The cuts, of which many are furloughs, are to jobs including about 6,920 flight attendants, 2,850 pilots, 1,400 management jobs, 2,010 mechanics and 2,260 in airport operations, and others, according to a memo that was published online.
“The pandemic has drawn us in deeper and lasted longer than almost any expert predicted, and in an environment where travel demand is so depressed, United cannot continue with staffing levels that significantly exceed the schedule we fly. Sadly, we don’t expect demand to return to anything resembling normal until there is a widely available treatment or vaccine,” United said in a statement.
“It is our expectation that things don’t get anything back close to normal until a vaccine is developed and widely administered,” said a United executive who spoke with reporters, as reported by CNN.
United was one of the airlines that received federal funding under the CARES Act, which prevented involuntary staff cuts by the end of September.
United said that the CARES Act Payroll Protection Plan extension can stop the furloughs, adding that its officials can be in communication with Congress and the White House.
“To be clear, an extension [of the program] would be the one thing that would prevent involuntary furloughs on October 1,” the memo said, “and hopefully delay any potential impact on employees until early 2021.” It noted that many United Airlines workers petitioned their representatives in Congress for an extension.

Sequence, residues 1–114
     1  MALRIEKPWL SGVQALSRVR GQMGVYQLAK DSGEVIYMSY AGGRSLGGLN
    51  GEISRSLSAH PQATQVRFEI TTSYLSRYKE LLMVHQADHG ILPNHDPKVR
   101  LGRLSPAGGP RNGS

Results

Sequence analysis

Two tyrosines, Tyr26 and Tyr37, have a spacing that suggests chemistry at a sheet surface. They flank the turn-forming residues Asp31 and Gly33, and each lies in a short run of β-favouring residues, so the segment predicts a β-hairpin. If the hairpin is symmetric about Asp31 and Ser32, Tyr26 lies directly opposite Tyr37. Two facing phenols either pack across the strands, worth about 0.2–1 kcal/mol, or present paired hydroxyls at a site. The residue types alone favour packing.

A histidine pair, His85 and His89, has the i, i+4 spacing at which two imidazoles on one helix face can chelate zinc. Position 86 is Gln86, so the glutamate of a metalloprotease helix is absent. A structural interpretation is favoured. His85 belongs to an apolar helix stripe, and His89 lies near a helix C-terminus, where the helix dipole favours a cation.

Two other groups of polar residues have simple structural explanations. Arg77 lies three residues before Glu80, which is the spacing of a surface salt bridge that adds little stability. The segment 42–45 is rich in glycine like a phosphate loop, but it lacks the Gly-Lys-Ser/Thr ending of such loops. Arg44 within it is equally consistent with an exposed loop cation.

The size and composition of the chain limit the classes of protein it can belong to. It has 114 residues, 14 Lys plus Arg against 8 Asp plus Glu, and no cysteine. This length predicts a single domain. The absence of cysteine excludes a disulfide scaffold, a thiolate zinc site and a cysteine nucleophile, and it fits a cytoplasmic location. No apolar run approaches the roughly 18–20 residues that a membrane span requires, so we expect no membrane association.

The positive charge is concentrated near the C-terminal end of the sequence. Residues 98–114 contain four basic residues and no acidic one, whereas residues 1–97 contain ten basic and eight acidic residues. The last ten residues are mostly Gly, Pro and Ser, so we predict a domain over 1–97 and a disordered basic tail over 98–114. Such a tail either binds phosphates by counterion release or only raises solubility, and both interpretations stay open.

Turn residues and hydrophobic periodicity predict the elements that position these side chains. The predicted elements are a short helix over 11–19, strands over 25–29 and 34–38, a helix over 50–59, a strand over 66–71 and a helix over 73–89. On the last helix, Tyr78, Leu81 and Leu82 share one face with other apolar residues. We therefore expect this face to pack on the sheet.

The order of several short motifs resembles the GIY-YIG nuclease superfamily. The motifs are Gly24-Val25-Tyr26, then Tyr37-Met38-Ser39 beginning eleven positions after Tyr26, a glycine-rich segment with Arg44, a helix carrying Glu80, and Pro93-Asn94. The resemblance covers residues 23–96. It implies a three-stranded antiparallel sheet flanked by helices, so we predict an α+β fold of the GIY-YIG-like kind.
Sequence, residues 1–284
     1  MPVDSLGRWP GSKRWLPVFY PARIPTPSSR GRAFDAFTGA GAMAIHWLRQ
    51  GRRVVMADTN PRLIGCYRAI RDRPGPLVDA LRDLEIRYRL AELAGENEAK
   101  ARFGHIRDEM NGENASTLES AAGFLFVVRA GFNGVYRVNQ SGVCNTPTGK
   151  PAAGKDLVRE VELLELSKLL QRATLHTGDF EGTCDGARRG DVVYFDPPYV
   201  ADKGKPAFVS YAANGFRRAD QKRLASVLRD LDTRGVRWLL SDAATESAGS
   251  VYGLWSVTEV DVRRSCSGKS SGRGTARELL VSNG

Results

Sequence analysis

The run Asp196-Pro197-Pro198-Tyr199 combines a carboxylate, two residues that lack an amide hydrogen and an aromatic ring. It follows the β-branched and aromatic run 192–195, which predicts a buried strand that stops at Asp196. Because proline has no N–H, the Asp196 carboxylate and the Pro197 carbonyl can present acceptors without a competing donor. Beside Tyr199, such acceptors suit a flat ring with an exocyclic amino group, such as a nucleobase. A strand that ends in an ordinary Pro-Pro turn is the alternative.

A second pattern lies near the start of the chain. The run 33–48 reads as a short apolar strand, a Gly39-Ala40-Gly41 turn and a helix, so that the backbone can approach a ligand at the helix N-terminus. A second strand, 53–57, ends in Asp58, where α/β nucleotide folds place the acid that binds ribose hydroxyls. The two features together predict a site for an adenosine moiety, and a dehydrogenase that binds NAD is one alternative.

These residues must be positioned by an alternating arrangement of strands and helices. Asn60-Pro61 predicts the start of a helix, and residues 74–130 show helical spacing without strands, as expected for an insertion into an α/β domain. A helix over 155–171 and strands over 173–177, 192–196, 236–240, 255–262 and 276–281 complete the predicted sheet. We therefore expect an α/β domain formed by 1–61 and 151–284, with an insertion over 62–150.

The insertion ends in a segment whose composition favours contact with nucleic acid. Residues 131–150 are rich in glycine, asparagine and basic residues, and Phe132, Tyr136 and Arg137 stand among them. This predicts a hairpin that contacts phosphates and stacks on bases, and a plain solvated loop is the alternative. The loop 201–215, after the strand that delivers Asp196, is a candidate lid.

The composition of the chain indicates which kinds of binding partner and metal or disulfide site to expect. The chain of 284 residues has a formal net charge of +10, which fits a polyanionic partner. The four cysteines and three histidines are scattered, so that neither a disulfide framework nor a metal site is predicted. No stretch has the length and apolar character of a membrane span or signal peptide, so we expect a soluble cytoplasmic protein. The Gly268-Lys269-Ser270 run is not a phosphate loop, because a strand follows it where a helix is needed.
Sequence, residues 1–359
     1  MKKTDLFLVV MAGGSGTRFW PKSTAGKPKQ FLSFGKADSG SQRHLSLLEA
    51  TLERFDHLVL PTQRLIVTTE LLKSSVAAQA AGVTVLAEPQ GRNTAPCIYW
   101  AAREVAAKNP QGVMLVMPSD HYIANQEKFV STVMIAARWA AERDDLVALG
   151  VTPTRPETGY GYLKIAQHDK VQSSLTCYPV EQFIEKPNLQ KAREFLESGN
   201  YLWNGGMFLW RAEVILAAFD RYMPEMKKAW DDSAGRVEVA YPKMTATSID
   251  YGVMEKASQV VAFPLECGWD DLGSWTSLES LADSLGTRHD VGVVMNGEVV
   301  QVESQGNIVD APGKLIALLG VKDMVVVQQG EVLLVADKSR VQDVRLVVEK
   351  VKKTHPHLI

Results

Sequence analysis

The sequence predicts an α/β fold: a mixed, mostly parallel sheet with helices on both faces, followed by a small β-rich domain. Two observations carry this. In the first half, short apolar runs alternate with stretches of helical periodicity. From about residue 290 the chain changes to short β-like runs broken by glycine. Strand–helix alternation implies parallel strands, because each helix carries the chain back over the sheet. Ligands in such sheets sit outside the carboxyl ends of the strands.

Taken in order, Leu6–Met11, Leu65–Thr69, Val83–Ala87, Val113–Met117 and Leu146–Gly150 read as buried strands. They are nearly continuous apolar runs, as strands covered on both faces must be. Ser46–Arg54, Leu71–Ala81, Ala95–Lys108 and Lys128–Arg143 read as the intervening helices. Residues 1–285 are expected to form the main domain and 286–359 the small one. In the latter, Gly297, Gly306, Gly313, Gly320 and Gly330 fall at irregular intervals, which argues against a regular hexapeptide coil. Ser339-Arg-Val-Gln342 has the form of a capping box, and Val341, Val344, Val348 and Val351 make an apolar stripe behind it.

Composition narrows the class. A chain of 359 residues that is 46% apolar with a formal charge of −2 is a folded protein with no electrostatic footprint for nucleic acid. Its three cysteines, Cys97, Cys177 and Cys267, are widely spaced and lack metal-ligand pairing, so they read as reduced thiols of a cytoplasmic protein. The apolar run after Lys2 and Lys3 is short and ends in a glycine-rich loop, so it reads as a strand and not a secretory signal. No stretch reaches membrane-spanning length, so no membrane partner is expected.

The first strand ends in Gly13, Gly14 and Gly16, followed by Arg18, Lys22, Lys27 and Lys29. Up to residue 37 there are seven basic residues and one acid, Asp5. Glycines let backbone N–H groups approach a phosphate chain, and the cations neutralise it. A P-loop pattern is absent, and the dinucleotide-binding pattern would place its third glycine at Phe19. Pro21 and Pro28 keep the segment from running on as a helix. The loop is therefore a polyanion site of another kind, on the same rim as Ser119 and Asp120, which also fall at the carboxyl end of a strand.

Negotiations between top Democrats and the White House have mostly stalled in recent weeks. On the table includes stimulus payments, extended unemployment benefits, and an extension of the payroll plan, among other measures.
Treasury Secretary Steven Mnuchin, speaking to Congress on Tuesday, called for another round of pandemic relief measures to be passed in a bipartisan manner. Both he and President Donald Trump said the struggling airline industry would need more assistance.
It came about a week after American Airlines announced it will have to cut about 19,000 jobs, citing similar concerns as United.
Amid the CCP (Chinese Communist Party) virus pandemic, airline travel has significantly dropped as governments around the world restrict travel across their borders and would-be travelers engage in social-distancing practices.
Josh Earnest, a United senior vice president, told USA Today that the Chicago-based firm does not expect to return back to normal until a CCP virus vaccine is developed and widely available.
“We don’t have to snap everybody back at the same time,” he told the paper. “We can basically build our workforce as we need it and as our schedule grows and as demand recovers.”
United has not responded to a request for comment.